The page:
Mooney, Delaware seek to improvise, adapt

by | Jun 2, 2017 | Breaking, DE Racing, Delaware, Racing, Top Stories | 1 comment

Who’s number one? Photo by The Racing Biz.

by Doug McCoy

”Improvise, adapt, overcome.”

It’s the unofficial mantra of the U.S. Marine Corp, and as Delaware Park kicks off its 80th season of racing Saturday, the saying accurately describes the strategy Delaware director of racing John Mooney and his staff are employing to maintain a presence among the race tracks of the Mid-Atlantic.

It’s no secret the historic track has faced stiff competition from other racing and gaming operations in the area in recent years. And it’s also no secret that since 2010, when gaming began in Maryland, Maryland racing has been flourishing, attracting more stables, offering bigger purses, and making it even more difficult for other tracks in the area to operate.

Delaware Park may not be operating from a position of strength in the battle for horses and fans, but the track can seek innovative ways to make it a more attractive venue to stable and race.

One of those changes this year involves the timing of Delaware Park’s opening and closing.

This season the meeting will kick off it’s 81-day meeting two weeks later than last season and will also start with a four-day-a-week schedule.

“We have a number of stables that race down south during the winter and in recent years some of the tracks where they’ve been racing have run longer into the spring,” Mooney explained. “Some horsemen were shipping up later, and whenever a stable ships their stock isn’t ready to race right off the bat, they take a bit of time to adjust. We decided with a later opening those outfits would have the time to ship in and get settled, start training, and have more of their horses ready to run.”

Mooney also pointed out other factors that made the dates shift make sense.

“Racing three days a week wasn’t economically feasible from a cost standpoint, plus with the later opening, we are able to start running on the turf from day one,” he added. “Turf racing is very popular with both the fans and horsemen, those races are easier to fill, and being able to card races on the turf right off the bat should help us build stronger programs early in the meeting.”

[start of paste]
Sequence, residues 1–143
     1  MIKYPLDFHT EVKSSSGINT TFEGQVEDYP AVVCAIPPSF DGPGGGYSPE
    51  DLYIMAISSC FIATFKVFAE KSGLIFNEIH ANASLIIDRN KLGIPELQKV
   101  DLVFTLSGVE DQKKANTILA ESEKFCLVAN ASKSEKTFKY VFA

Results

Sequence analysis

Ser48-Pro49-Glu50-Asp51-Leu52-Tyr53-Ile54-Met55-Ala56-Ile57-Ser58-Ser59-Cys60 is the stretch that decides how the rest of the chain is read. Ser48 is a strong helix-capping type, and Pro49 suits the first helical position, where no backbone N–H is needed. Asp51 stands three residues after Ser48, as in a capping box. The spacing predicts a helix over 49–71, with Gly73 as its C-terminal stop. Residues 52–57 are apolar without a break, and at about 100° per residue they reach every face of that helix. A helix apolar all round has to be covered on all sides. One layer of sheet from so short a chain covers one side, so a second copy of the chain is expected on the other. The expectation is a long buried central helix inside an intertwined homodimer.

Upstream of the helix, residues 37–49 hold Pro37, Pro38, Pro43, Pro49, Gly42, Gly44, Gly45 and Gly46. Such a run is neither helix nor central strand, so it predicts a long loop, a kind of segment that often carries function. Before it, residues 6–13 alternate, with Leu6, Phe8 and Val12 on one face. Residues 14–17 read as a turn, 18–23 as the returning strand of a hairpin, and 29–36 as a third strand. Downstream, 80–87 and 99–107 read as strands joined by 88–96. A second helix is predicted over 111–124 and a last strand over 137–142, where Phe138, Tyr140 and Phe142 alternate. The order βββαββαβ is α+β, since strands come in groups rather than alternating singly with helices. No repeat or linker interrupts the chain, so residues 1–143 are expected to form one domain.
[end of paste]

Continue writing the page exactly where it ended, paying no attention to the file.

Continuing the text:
And along with the late opening comes a later closing date, October 22, another date set with long-range planning in mind. “In the fall there’s a gap where a number of tracks who race in the summer complete their meetings yet several tracks in the south aren’t scheduled to opening for several weeks,” he said. “By staying open an extra three weeks, a number of stables will be able to stay here and race their horses during that period. It helps the horsemen and it helps us.”

As they have in past winters Mooney and racing secretary Jed Doro have been putting a lot of miles in on the backstretches of southern tracks, meeting with horsemen and explaining the advantages of racing at Delaware Park. The dismal political outlook for racing in Illinois has prompted a number of horsemen who used to race at Arlington Park to change their plans, and two such horsemen courted by Delaware staff this winter decided to move their outfits East and race at the Stanton oval this meeting.

Michael Stidham has been a perennial power in the Midwest for a number of years while racing primarily in Louisiana, Kentucky and Illinois. This year he has stalls both at Delaware Park and at Fair Hill Training Center. Stidham finished fourth in the trainer standings at the Fair Grounds this winter.

Dale Bennett, a high-percentage horseman who completed the recent Tampa Bay Downs meeting with a 25 percent winning rate, will also be racing here for the first time. Bennett is the son of Gerald Bennett, leading trainer for the Tampa meeting, and has a reputation as a first-rate horseman.

Other newcomers include young Darian Rodriguez, a hard working up-and-comer who does about everything around his barn. Rodriguez won one-third of his races at Tampa this winter and looks to have a bright future. Michael Catalano will be back after an absence of several years and has a large string, while Mike Dini, who has several promising 3-year-olds in his outfit, also will be racing here for the first time.

Jamie Ness will be back to defend his training title, along with mainstays Larry Jones and Keith Nations.

The rider’s colony is headed by three-time leading rider Carol Cedeno, looking to join pretty fancy company as a four-time meet leader here. Mitchel Murrill, who has won 276 races over the past 2 years, tops the newcomers, along with Edwin Gonzalez, who finished second in the rider’s standings at Tampa Bay Downs this winter. A number of apprentices will be trying to get their careers rolling by riding here and at the other tracks on the I-95 corridor, most notably Carlos Carrasco. Carrasco, younger brother of Eclipse Award winner Victor, has won 22 races already in a career that began in early March.

Delaware Park will race Mondays, Wednesdays, Thursdays, and Saturdays through October 22.